Interestingly, two weeks ago when I visited fellow Master Gardener Sid's home (which is about 5 miles from mine "as the crow - or wasp - flies"), I saw that he and his wife have a population of the same species of wasp.  Their spider wasps also make their nest cells between the finished concrete surface of their porch and the rougher foundation, just like mine.  Sid and Sandy, too, have watched the female wasps bring back paralyzed spiders to provision those nest cells for their eggs/young.

Occasionally I get a glimpse of a female out in the garden, prowling for her spider prey.  They move very quickly and, like most predators, are well aware of my presence.  They hide as soon as they possibly can, even while continuing to hunt, which makes photographing them a real challenge.  I usually see them on the ground, but that may just be a function of when I'm most likely to be still enough to notice them, which is when I'm weeding.

The more I learn about wasps and bees, especially about our native solitary species, the more interested and enamored I become.  Unless you try to capture a female and hold her, they are extremely unlikely to sting.  These wasps are important predators, helping to maintain balance between plants and plant-eaters and predators in our gardens, as they provision their nest cells with spiders or caterpillars or grasshoppers or cicadas.

And speaking of cicadas, I'm hearing the first few males warming up now in the afternoon.  The summer chorus is about to begin...and the cicada killer wasps won't be far behind.

Cicada killers are huge, frightening looking wasps that nest in bare dirt, often underneath decks.  Just as in "my" spider wasps, the males patrol the nesting area, trying to find females to mate with - but despite their scary looks, they have no equipment they can use for stinging.  The females can sting, but they are inevitably too busy hunting for cicadas and lugging them back to their nests (which they alone dig out) to bother with humans nearby.  Just don't try to pick one up....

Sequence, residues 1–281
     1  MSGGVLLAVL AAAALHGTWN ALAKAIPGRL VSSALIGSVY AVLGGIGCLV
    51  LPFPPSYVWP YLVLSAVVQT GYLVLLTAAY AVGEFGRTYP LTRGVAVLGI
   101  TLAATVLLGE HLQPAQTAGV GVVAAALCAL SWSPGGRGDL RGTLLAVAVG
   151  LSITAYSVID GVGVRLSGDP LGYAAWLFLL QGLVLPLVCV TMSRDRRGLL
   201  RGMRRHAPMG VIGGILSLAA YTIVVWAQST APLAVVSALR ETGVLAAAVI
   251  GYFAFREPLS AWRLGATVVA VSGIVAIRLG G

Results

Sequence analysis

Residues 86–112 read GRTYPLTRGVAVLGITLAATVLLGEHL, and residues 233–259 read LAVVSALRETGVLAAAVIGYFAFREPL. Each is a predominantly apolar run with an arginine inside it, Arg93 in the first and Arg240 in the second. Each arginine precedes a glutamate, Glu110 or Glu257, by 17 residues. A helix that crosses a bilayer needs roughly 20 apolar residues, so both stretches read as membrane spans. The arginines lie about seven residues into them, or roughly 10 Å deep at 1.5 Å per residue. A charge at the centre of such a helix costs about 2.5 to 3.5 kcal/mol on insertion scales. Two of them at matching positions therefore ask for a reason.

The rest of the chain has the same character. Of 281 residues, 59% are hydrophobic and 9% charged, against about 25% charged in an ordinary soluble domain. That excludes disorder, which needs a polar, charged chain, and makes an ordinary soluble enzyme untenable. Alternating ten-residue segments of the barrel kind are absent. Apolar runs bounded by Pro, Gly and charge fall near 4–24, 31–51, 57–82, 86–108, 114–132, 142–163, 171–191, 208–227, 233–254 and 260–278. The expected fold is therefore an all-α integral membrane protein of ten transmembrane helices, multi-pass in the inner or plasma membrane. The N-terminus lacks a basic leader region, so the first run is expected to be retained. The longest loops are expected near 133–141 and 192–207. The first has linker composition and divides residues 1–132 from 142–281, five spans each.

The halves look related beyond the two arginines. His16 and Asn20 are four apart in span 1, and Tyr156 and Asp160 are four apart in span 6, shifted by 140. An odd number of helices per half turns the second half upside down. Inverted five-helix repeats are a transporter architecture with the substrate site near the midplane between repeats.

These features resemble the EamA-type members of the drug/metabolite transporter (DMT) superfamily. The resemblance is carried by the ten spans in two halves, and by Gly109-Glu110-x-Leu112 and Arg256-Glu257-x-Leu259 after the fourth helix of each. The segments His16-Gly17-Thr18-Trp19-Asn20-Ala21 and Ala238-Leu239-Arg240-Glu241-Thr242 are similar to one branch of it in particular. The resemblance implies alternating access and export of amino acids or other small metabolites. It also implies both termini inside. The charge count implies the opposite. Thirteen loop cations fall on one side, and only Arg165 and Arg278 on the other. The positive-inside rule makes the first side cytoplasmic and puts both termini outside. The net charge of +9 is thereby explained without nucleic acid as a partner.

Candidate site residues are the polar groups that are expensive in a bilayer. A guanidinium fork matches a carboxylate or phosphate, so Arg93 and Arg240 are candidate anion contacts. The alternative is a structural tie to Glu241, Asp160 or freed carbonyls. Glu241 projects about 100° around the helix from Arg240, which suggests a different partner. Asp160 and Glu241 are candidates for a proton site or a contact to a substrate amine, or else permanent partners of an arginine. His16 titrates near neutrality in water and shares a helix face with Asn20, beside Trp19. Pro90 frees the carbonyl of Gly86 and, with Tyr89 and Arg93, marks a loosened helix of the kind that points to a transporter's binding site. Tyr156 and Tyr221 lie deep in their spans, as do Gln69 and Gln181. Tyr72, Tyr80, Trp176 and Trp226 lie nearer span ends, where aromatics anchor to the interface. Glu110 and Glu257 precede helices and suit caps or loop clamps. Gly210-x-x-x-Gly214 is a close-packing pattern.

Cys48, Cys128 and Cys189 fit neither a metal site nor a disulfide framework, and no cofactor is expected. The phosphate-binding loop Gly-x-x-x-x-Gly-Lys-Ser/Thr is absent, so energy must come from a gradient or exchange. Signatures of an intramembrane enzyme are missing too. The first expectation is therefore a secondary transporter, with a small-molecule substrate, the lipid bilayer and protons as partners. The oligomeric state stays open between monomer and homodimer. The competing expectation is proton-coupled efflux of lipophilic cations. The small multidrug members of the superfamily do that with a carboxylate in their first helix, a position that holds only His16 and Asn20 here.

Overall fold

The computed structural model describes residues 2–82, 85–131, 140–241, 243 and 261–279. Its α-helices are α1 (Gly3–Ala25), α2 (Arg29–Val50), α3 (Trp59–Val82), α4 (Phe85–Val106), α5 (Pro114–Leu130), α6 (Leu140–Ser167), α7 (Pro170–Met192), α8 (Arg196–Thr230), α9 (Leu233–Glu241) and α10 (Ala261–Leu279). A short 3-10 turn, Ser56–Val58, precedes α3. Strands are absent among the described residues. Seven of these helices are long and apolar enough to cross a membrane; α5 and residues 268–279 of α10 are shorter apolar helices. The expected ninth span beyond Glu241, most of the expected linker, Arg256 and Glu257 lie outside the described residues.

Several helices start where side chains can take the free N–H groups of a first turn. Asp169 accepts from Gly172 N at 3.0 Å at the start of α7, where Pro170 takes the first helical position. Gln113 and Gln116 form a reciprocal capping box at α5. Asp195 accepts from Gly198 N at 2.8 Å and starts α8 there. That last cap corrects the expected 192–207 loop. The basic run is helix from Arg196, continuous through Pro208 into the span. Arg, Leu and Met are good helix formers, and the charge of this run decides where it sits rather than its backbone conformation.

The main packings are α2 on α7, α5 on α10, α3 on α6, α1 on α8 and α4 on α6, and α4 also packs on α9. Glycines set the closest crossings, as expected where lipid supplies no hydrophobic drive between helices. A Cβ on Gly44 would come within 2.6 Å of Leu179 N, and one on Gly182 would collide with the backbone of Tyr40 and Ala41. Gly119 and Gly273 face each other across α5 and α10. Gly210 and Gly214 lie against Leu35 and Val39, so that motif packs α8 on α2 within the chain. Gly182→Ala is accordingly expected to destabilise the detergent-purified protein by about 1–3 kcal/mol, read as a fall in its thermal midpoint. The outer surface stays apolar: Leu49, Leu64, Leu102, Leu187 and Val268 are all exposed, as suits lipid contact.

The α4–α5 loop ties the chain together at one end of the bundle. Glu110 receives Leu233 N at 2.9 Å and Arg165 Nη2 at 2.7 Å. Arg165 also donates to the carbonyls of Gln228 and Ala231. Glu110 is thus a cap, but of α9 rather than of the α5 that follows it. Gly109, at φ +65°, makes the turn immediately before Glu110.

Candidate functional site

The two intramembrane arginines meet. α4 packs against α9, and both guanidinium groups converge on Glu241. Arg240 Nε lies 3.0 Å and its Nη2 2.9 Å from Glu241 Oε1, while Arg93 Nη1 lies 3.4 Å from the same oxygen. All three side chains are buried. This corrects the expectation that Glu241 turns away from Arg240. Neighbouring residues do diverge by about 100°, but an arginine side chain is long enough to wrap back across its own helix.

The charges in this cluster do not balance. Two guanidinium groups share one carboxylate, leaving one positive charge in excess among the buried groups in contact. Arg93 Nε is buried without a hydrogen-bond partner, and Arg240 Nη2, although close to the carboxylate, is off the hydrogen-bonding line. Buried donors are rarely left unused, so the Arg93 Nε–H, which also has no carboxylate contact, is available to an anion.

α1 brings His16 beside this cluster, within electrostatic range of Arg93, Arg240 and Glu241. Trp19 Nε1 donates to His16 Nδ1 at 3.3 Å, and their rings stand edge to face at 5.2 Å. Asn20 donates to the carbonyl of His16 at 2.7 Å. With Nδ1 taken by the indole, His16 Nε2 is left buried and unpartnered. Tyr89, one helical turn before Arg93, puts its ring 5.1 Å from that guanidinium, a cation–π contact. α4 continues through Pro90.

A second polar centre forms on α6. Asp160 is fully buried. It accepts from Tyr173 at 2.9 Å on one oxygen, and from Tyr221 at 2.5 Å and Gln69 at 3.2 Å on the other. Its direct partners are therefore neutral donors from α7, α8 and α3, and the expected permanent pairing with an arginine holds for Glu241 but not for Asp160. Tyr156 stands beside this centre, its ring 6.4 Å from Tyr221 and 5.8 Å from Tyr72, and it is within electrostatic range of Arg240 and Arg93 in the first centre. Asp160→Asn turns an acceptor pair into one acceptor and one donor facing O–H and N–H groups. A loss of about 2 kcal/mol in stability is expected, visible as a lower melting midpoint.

In general, I'd say the spider wasps are around for about 2 months, and the cicada killers generally are seen for only about a month.  So if you find yourself sharing your garden with these winged creatures, have patience, keep your eyes open for the hardworking females, and practice conquering your fears!  Your yard will be healthier for it.

Friday, July 04, 2014

Wheel Bugs Vs. Walnut Caterpillars

Two days ago, I noticed a mass of small, hairy caterpillars on a single leaflet of a pecan leaf.

Today, I took a close look at the pecan again and discovered 3 separate masses of the hairy caterpillars, which I later identified as walnut caterpillars, Datana integerimma, a well known pest of walnuts and pecan trees.

Two of the groups of caterpillars seem to be developing with little interference, at least so far.  The above group was the furthest along in their development.  I need to decide what, if anything, I am going to do about them.

Meanwhile, the third group of caterpillars had attracted some attention.  Some lethal attention, actually.  Two wheel bugs had positioned themselves between the caterpillars and the healthy leaves of the twig they they were on.

Both wheel bugs had caterpillars that they were feeding on.  They appeared to be capturing each caterpillar as it attempted to move to a new leaflet to feed.

Wheel bugs, like most predatory insects, are VERY aware of their surroundings.  It is hard to sneak up on them, and these two were no exception.  As soon as they saw me, they hid...and every time I repositioned, so did they.